Exhibition Mission: Floyd Mayweather Deserves This Victory Lap

Nobody is pretending Floyd is still world class, but he is providing some of the best entertainment of his career
20:30, 23 May 2022

Floyd Mayweather was having fun. On Saturday night in an Abu Dhabi ring, the boxer who defined a generation was letting his hair down. That hair is a little longer these days, the closely-cropped head of his peak giving way to a full head of jet-black follicles. But the skills remain sharp, far sharper than is customary for a man of 45. Like it or not, ‘Pretty Boy Floyd’ is on his victory lap. And the 50-0 superstar is loving every second.

Mayweather has attracted criticism for his exhibition this past weekend. Very little of that blowback has been due to the questionable human rights record of the United Arab Emirates. Rather, people have been quick to question the need for Floyd’s exhibition. The class of his opponent, unbeaten former sparring partner Don Moore. But in this era of exhibition boxing, surely the quality of opponents is a moot point? Moore certainly has finer boxing credentials than anyone Jake Paul has faced, and those were classed professional bouts. Mayweather’s move-around with Moore was an unscored exhibition, and marketed as such.

It bears repeating that Mayweather also created this booming market. It was ‘Money’ Mayweather’s 2017 pro boxing bout with UFC megastar Conor McGregor that clued the industry in on the fact money could be made by pitting boxers against non-boxers. Floyd has proved it time and again since, taking home upwards of nine-figures for exhibition bouts with kickboxer Tenshin Nasukawa, YouTuber Logan Paul and now ex-pro Moore. 

So after 50 professional bouts, 49 of them against professional boxers, and world titles at five weights, why can’t Floyd enjoy this victory lap? There are no questions about his legitimacy as a boxer, like there are about the Paul brothers or the dozens of MMA fighters trying their hand at a new sport in their old age. He is also not shop-worn, like Evander Holyfield, who was brutally knocked out in an exhibition bout with Vitor Belfort last year. Mayweather’s defensive acumen means he took precious few clean punches in his career. The Moore exhibition proved that those skills are dulling at a much slower rate than they do for the average fighter.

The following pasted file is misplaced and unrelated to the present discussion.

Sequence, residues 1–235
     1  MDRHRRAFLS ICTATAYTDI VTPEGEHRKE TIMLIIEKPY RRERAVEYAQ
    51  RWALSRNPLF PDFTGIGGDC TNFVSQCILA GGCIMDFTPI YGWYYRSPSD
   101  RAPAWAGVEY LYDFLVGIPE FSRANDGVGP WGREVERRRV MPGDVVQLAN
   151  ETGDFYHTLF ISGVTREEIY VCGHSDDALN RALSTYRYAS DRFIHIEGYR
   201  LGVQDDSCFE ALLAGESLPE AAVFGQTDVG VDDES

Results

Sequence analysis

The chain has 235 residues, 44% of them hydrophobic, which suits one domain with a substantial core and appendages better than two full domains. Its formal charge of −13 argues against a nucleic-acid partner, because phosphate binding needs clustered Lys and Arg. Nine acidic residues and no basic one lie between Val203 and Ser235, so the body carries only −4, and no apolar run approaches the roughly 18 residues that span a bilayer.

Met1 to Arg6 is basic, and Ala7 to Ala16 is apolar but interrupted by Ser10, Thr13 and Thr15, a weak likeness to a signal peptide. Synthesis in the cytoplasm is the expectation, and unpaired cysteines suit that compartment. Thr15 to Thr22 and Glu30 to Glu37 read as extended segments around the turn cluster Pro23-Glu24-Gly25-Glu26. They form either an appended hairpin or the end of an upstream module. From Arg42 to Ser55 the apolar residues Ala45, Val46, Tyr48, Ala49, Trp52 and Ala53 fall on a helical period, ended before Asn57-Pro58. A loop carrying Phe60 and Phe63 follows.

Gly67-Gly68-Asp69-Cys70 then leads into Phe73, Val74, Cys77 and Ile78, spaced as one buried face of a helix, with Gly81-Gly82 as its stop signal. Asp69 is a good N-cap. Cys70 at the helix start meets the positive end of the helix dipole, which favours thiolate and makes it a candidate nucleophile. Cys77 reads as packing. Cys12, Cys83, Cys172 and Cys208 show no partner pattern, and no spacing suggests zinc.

It is ultimately those skills that justify what Floyd is doing. Fans will happily pay, in the arena and on pay-per-view, to see the shoulder rolls and rapid short punches that ruled boxing. Mayweather was often bemoaned as a runner, but his real genius came in his ability to stand in front of an opponent and make them miss, before scoring with his own shots. Against a certain standard of opposition, ‘Money’ can still make those moves. Exhibitions are entertainment, and Floyd’s are fun to watch. In Abu Dhabi, he danced with ring card girls, chatted with commentators mid-fight and still showed enough application to knock his foe down. Cynics might suggest a Floyd exhibition is more bang for your buck than a few of his pro fights were.

Expectations must obviously be tempered. Some were shouting for Mayweather to rematch Saul ‘Canelo’ Alvarez in the wake of his fine showing against Moore, and the Mexican’s relative poor outing in defeat to Dmitry Bivol. Make no mistake, Mayweather is not what he was. He should not take to the pro ring again. Neither should his old rival Manny Pacquiao, who some are suggesting will return having lost the Presidential election in the Philippines. Even a bout with each other is not justification enough for a full professional return. Both men gave us more than enough already. But Mayweather can continue on the exhibition circuit for a little longer. These lucrative bouts won’t enhance his legacy, but even at 45 there is still a giddy thrill in watching one of the greats do his thing.

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